For a display sword, I’d typically recommend iron or mild steel for the hilt fittings, as this is more historically in keeping and there are no mechanical reasons why harder steel would be required. Brass, bronze and copper accents are also good options, as they are stunning materials but unfortunately not durable enough to sustain the impacts of fencing. Ornately carved guards are also best saved for display pieces, as regular training would eventually erode these even from hardened steel.
When it comes to fencing swords, I make the guard from heat-treated carbon steels – usually spring steels, as these are especially durable. Pommels are made from mild steel, as generally these should not be suffering much in the way of impact during normal training. For this reason, brass pommels are also a possibility for fencing swords.
Most people know what type of sword they want in a broader sense – the terms rapier, sidesword, longsword, arming sword, montante etc are instantly evocative of certain shapes and styles. It’s not always so clear-cut, though: unusual antiques and experimental hybrids are always welcome orders, as well as fantasy-inspired swords that eschew normal categorisation.
My work makes me fairly mechanically-minded, so technical specs always come first for me. Once we have a clear idea of blade type and materials however, we can move on to the flashier parts.
The most helpful thing you can do at this juncture is to send some photos of originals you’ve been inspired by, a quick sketch of the unique look you’re after, or both! I find the following resources to be handy inspirations when designing a new sword.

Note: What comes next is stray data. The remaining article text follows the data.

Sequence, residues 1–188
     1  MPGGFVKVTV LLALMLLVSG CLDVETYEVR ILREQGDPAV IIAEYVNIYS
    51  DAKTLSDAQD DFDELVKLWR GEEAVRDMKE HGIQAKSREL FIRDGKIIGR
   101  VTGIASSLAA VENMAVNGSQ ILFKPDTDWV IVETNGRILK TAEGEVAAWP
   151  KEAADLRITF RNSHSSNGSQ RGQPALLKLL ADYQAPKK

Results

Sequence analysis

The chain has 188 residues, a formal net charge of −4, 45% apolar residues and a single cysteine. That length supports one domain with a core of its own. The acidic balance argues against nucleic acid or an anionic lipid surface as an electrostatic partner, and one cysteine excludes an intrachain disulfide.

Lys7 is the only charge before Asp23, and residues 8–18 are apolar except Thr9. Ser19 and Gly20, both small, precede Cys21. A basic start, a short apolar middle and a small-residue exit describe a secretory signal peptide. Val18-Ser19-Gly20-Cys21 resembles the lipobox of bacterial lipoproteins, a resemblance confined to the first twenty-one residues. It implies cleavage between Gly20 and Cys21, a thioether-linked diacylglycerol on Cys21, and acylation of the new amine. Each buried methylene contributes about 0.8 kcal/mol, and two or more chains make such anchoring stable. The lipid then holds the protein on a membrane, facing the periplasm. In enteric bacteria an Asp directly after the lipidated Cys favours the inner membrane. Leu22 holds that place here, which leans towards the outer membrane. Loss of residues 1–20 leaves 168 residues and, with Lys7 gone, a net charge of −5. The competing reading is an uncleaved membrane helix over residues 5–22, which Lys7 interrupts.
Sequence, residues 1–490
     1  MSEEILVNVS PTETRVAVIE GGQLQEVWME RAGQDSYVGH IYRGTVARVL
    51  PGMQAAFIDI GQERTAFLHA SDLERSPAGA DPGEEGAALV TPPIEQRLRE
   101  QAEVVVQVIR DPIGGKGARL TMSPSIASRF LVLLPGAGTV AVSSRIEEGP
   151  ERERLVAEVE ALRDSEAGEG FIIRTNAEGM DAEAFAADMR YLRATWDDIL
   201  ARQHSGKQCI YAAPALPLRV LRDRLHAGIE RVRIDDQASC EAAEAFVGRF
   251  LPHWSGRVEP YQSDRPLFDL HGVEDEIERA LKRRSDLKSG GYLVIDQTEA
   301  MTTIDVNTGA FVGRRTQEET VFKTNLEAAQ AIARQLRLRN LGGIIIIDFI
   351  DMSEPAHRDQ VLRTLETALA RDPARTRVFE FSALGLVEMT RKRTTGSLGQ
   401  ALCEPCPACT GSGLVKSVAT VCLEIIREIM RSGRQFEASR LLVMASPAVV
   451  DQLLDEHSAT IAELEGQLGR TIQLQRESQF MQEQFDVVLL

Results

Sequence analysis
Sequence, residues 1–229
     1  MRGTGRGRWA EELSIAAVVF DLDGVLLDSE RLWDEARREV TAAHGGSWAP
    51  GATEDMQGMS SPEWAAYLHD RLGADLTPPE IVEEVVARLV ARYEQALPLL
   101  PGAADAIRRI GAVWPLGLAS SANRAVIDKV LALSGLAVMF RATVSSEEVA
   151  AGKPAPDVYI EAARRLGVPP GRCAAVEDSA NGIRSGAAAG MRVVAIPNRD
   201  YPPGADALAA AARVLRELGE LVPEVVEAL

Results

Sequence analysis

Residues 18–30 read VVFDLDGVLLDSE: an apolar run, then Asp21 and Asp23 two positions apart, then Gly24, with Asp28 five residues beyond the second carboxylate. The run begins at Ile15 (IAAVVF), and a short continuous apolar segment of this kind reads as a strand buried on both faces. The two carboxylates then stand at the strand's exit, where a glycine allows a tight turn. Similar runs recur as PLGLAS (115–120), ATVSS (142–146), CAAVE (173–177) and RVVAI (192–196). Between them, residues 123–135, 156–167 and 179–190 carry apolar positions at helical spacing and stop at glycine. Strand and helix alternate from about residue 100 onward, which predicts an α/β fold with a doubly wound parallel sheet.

–The Wallace Collection’s excellent online catalogue for rapiers and sideswords
–The Met Museum Online for a mix of swords
–The Royal Armouries for a comprehensive collection and some truly unusual beasts
As you browse, ask yourself the following questions:
Often this is an adjunct to the type of sword, so it’s enough to say “a heavier rapier blade” or “a lighter rapier blade”. From this, I can imagine the sword of handling you’re thinking of, and make a wider or narrower blade appropriately.
For cruciform swords this is a fairly simple question, though it’s worth discussing the breadth, curvature, and possible faceting of the cross-section, as well as any adornment to the quillon terminals.
For complex hilts, the main question is how much protection you’re looking for. I’d recommend looking at the Norman typology for a comprehensive look at the many options open to you – alternatively, any images of styles you admire will give me a good visual cue.
This is also a good time to let me know whether you’re left or right handed!
The only thing I’m likely to go into more depth with you about is grip length for single-handed swords, as this can have a huge impact on handling and balance. I tend to recommend a shorter grip where possible, as this allows the pommel to sit against the palm, increasing control in certain actions.